Germ cell tumors can appear at any age. They develop from cells that produce eggs or sperm so germ cell tumors can affect the ovaries or testes. However, it is possible for a germ cell tumor to develop in other parts of the body.
As a baby develops during pregnancy, the cells producing eggs or sperm normally move to the ovaries or testes. However, occasionally they can settle in other parts of the body where they can develop into tumors. The most common places for this to happen are the bottom of the spine (sacrococcygeal), the brain, chest, and abdomen.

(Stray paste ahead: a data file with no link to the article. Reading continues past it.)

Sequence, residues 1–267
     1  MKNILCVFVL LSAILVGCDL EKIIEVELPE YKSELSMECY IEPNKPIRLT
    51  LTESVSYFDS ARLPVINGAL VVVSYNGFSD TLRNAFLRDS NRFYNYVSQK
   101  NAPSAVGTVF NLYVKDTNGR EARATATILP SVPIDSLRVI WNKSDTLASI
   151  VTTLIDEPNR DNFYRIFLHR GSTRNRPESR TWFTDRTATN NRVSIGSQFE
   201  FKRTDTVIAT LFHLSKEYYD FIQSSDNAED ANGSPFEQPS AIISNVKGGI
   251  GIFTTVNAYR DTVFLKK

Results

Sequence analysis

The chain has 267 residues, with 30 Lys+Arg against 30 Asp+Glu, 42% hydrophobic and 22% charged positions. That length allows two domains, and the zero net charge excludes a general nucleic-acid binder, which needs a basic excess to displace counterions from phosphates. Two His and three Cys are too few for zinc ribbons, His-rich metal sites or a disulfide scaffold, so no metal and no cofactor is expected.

Germ cell tumors are sometimes given different names based on their characteristics. These include yolk-sac tumors, germinomas, embryonal carcinomas, mature teratomas and immature teratomas.
They may be non-cancerous (benign) or cancerous (malignant). Malignant tumors have the ability to grow and spread to other parts of the body.
Benign tumors do not spread but may cause problems by pressing on nearby tissue and organs.
Immature teratomas fall between benign and malignant. They can spread within the abdomen but not beyond, and can be removed with an operation.
Common signs of germ cell tumors include: